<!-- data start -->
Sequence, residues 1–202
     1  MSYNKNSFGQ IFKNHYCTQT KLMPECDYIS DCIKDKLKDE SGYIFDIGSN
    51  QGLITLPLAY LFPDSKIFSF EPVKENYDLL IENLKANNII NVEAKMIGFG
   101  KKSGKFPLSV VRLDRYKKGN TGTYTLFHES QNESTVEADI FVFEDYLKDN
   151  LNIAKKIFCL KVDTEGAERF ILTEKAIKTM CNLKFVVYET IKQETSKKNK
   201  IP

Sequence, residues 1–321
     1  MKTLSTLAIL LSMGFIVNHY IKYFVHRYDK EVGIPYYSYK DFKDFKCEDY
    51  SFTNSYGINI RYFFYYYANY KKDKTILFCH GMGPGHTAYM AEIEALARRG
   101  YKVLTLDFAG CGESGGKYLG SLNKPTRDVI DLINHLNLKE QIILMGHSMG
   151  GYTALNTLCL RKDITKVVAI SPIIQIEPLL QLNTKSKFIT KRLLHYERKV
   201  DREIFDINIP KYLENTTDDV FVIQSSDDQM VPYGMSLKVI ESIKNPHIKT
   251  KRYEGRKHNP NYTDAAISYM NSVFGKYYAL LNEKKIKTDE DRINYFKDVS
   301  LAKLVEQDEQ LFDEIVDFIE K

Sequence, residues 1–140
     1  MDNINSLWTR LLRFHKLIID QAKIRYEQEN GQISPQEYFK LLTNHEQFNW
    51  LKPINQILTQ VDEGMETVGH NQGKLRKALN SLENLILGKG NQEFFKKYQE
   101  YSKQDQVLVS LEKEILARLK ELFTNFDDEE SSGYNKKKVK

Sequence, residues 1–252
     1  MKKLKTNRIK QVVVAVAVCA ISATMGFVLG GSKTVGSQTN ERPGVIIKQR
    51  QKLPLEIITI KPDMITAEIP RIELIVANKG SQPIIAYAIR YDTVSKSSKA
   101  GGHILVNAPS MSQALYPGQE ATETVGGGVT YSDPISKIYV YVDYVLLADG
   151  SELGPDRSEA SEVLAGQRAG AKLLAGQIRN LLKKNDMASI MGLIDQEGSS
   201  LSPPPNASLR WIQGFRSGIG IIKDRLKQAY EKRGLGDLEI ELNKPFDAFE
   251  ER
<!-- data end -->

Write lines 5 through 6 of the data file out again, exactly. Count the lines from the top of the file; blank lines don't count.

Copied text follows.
   151  LNIAKKIFCL KVDTEGAERF ILTEKAIKTM CNLKFVVYET IKQETSKKNK
   201  IP